Spiners: What to Take with You
Have you ever gone to spin at a workshop or at a friend's and discovered that you were missing ...
Over the years I developed a checklist.
I use my grandmother's picnic basket and keep it loaded with:
- Extra Bobbins.
I would take at least three (including the one on your wheel).
- Ball Winder.
I know, I know.
You don't ply as evenly, but it is so darned convenient.
- Hand Cards or Combs.
Depends on the nature of the class, but probably hand cards.
Then you have to decide whether to take the regular (wool) or fine (cotton).
- Little Bits & Pieces.
This is a sealable plastic bag that holds a motley collection of double-point knitting needles, crochet hooks, pencils, and eraser.
If your wheel has the footman attached to the crank with a cotter pin, I would get an extra one to carry around.
- Extra Drive Band material.
There is a variant of the Peter Principal that says if you don't have this, your drive band will break.
- Threading Hook.
This is an extra hook unless you are willing to be constantly borrowing one from your neighbor or jury-rigging one out of a paper clip.
I've done both and I have found that it is easier to take an extra hook.
If your wheel comes with extra whorls, bring them.
- File Cards and Scotch Tape.
These are wonderful for winding your samples on.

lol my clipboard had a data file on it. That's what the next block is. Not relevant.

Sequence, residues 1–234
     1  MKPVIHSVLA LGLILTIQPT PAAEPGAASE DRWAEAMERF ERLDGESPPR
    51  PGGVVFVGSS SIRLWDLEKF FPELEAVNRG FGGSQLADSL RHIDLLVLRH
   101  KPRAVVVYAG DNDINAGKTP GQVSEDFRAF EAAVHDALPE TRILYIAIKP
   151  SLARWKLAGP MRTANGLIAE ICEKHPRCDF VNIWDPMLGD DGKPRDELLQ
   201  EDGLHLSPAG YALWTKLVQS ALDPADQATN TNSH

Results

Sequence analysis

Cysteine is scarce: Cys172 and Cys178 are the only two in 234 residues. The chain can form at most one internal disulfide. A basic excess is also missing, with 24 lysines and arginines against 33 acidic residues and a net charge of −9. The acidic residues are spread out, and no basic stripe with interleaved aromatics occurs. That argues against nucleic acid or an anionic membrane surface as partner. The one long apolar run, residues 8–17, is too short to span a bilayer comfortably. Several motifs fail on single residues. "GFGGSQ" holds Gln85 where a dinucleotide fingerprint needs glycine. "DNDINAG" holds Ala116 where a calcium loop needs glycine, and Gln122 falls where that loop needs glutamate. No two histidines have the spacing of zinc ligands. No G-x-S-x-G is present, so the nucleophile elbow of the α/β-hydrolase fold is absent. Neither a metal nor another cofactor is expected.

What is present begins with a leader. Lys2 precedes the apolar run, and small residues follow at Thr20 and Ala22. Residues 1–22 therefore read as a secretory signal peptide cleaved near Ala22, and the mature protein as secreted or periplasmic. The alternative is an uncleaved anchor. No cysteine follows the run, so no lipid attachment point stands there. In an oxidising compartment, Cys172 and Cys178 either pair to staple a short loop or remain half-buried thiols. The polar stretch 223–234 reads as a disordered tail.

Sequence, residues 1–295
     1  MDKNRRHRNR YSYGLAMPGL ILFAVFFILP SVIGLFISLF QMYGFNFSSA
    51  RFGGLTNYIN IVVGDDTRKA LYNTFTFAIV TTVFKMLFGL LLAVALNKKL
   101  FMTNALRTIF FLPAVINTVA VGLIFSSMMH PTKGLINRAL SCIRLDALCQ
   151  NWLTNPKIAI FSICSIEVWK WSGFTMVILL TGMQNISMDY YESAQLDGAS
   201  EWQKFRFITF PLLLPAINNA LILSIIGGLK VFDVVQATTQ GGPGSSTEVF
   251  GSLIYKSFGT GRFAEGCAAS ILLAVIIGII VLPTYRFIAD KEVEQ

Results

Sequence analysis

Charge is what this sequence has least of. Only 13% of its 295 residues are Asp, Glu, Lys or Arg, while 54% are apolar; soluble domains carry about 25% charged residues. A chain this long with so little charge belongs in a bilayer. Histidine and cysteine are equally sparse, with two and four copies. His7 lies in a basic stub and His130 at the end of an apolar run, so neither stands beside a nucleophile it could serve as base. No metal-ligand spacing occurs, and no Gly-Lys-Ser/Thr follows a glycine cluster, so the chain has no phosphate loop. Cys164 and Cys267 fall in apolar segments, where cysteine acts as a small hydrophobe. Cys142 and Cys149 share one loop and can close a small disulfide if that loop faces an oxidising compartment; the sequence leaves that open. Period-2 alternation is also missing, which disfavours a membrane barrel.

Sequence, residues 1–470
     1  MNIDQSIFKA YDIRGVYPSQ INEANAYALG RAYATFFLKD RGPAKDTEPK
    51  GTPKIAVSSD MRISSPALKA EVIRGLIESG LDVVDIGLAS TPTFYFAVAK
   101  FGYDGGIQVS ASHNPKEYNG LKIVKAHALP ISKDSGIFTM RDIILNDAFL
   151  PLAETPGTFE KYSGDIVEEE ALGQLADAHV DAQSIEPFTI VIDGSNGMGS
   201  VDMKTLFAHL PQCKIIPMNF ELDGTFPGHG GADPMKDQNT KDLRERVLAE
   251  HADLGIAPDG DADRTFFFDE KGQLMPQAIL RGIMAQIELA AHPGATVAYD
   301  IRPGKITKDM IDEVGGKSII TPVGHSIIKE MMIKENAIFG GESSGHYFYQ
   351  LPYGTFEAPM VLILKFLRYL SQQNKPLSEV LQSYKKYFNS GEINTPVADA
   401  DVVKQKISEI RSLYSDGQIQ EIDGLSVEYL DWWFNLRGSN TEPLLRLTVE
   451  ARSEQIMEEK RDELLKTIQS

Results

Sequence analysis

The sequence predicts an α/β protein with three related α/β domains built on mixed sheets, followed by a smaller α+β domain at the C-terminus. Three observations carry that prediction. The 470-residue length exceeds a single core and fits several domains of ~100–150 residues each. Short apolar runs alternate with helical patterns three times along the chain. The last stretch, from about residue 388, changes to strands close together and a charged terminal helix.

Tack one end down on the back of a file card using the Scotch tape, put a second card behind it, and wrap your sample.
When you get to the end of your sample, simply tuck the end under the wrapped part.
The cards will be heavy enough (probably) that they won't bend.
Add your notes about the fiber source (Pollwarth), how it was prepared (hand carded), how it was spun (worsted), and any other notes that strike your fancy.
If this is from a workshop, add a note about who the instructor was and the date.
Do not trust your memory.
- Notebook or Tablet.
Something to write detailed notes on.
- Plastic Bags.
These are useful for collecting your samples as you go.
- Sharpie Pen.
Or any other indelible pen that can be used to write on the sandwich bags.
- Hairbrush cleaner.
I have a wonderful little device that a friend gave me for cleaning out hair brushes.
Just the tool for getting the last little bit of unwanted fiber out of your cards.
It's a fan-shaped collection of little bent wires in a short plastic handle.
Sort of like a little tiny leaf rake; the whole thing is only about 3 inches long.
- Cough drops.
Particularly in a class it is very disruptive to be coughing.
If you don't use them, someone else will.
Most workshops have the most miserable chairs.
Think about taking a pillow.
While traveling to SOAR several years ago, I realized that I didn't have a pillow.
I checked with the flight attendant who gave me permission to take one of the little pillows they give you.
Turns out that they are filled with cotton batting and just the right size to help save your back.
- Lazy Kate.
You need a Lazy Kate for your plying.
Proving that necessity is the mother of invention, I came up with an alternative that works quite well.
While demonstrating at a county fair, I discovered that I didn't have a Kate.
Can't swear in front of the kiddies, so I removed the #2 long needles from a knitting project, ran them through the sides of my Grandmother's basket, supporting the bobbin inbetween.
They were fine.
So that is now one less thing that I have to take.
If you have comments, please send email to: Rosemary Brock.
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